The Trade-Down Option

While the mortgage crisis has abated a bit, housing values are still significantly down from their peak.  The average sold price has gone from $322,000 to 273,000 since 2007.  This leaves a lot of people with underwater mortgages.  For recent buyers, this has created a wave of foreclosures.  In any economy, a certain number of people will be unable to make the mortgage due to job loss, medical problems, or just simple over extension from the beginning.  Most times, this is an extremely stressful situation, but not a tragedy, because the buyer put 20% down, and real estate prices have tended to go up.  Therefore, the person who got into trouble would simply sell the house for more than the balance on the mortgage, pay off the mortgage, and find a new, smaller house to buy or rent.

Unfortunately in our current economy, several factors make this impossible for many people.  First, in the past half decade or so, lenders were making a lot of loans with zero or reduced down payments, and amortization schedules that built up little or no equity.  This dramatically increased the pool of dollars chasing housing assets, driving up prices, and bringing buyers more likely to default into the housing market.  This meant more people who couldn’t afford their mortgages, and more of those buyers could not sell their house for more than the balance of the loan.

As a result of this situation, the number of defaults has increased dramatically.  This caused lending standards to tighten up again, reversing the price increase caused by the looser standards.  The price decline further exacerbated the problem of low equity, as no or low equity became negative equity.

This creates quite a problem for the person who is not necessarily in dire financial straits, but needs to move for a job or for other reasons.  Many people are now effectively locked in their current home unless they are willing to default and rent somewhere else.

Let’s take a typical example.  Jones buys a $300,000 house in 2007.  In 2009, he loses his job, and he’d like to move to another city where jobs are more available.  His house is now worth $240,000.  Unfortunately, he only put 5% down, and got an interest only loan, so he would have to pay $45,000 plus a real estate commission of $14,000.  Being unemployed with little savings, he doesn’t have a spare $59,000 kicking around.  Therefore, he stays and tries to find another job, perhaps eventually defaulting.  Alternately, he might decide to live in the house, not paying the mortgage while waiting for foreclosure to save his money.   The lack of a mortgage payment and the cost of the foreclosure, of course, will cost the bank up to 50% of the value of the house.  Either way, the default ruins Jones’ credit, may keep his life on hold, and costs the bank a six figure sum.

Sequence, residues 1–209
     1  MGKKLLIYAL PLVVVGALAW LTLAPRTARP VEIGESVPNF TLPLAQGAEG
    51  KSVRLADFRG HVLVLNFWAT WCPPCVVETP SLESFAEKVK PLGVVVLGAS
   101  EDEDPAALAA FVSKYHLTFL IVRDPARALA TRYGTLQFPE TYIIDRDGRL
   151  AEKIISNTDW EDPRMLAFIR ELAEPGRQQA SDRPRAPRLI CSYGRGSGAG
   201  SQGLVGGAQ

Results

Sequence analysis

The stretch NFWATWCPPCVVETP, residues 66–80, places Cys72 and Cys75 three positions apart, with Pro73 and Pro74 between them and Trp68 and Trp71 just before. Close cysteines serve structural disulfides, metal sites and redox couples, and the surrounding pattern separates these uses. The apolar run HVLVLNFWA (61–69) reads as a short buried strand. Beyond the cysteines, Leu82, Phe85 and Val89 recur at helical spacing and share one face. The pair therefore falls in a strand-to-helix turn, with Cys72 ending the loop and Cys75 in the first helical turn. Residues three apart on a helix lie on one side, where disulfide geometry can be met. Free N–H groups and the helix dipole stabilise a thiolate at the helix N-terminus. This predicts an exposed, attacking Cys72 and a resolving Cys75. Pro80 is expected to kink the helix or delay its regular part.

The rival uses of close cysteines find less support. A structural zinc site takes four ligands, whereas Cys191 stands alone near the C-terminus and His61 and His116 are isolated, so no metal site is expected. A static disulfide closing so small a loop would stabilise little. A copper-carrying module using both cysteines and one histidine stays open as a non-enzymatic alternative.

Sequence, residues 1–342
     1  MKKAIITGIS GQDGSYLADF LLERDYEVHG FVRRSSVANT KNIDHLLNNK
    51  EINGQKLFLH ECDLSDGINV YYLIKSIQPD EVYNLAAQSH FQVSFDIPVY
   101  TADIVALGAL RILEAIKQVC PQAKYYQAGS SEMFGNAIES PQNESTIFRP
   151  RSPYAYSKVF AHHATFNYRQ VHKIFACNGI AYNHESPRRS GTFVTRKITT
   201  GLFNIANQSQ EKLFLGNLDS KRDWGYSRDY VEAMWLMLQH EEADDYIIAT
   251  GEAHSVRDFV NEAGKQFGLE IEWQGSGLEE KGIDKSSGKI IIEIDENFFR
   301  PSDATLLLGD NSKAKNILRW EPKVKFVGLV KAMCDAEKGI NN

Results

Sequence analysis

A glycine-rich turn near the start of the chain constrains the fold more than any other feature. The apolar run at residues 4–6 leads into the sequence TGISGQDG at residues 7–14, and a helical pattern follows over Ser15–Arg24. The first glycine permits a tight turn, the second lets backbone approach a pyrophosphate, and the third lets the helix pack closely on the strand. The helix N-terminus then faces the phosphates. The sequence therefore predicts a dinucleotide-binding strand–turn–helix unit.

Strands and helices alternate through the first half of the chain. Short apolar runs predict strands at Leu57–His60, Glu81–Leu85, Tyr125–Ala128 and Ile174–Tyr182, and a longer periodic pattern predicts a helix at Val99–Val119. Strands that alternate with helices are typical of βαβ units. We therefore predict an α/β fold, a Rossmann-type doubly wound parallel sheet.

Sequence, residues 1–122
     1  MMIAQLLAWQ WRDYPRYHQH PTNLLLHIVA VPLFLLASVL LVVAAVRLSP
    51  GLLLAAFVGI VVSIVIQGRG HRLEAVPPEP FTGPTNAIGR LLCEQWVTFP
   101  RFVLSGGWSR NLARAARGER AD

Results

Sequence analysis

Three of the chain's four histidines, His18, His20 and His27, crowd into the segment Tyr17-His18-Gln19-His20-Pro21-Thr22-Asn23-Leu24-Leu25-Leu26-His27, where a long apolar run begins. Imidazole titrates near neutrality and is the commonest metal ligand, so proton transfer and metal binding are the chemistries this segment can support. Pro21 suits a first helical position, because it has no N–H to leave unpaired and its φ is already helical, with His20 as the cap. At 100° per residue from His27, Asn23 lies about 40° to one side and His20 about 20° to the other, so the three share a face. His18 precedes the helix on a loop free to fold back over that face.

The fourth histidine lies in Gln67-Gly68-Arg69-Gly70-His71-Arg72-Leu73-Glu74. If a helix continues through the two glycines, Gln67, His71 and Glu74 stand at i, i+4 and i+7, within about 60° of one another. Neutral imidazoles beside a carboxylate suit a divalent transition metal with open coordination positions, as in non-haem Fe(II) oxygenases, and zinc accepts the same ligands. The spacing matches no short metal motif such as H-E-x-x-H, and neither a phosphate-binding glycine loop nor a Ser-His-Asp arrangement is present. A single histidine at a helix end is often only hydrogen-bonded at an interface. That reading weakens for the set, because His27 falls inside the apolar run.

One solution is to allow Jones to do a short sale.  This costs the bank $59,000, which is better than $150,000, but still a lot of money.  The bank will not want to do this unless it thinks Jones is very likely to default if they don’t agree to the short sale.  The bank also doesn’t want to create a prescient for other borrowers that might be able to keep making payments.

Jones might not even be in serious danger of default.  He might be able to get a lesser job that will pay the mortgage, but he would really rather move where he could get a new one.

Ultimately this all leads to the conclusion that the bank should let him move.  The bank has already lost its security for the loan — It can recover some of the lost money, but not all, and so the loan is only partially secured by real property.  The bank doesn’t want to just let Jones sell the house and write them an IOU for the balance, because Jones has a lot less incentive to make the monthly payment on that loan than he does on the existing one.  Furthermore, with current lending rules, Jones would probably have to come up with a 20% down payment on the new house, which he almost certainly does not have.

So why not have the bank let him move to a new house with the old mortgage?  The bank would require that he sell his existing house first, and then would allow him to buy a new house with the proceeds from the sale.  Any money left over would pay down the balance on the existing loan.

This way, the bank keeps its security — the remaining unsecured balance is constant or down, and Jones gets to move.  Furthermore, with the new job, Jones is much more likely to continue to make payments on the existing loan.

If Jones was overextended, he would move into a smaller house, trading down in house, but with the lower loan balance, getting a lower payment in the process.  The bank might require this if Jones did not meet current income guidelines in the new house.  The lower payment would make Jones much more likely ultimately repay the loan.

The bank might even ask that he move into one of the foreclosed bank-owned properties that are littering their balance sheets.  This solves two big problems for the bank simultaneously.

With the huge advantages to banks and Jones, why aren’t we seeing this as an option?

About The Author


Other posts by

Author his web site


09 2009

Your Comment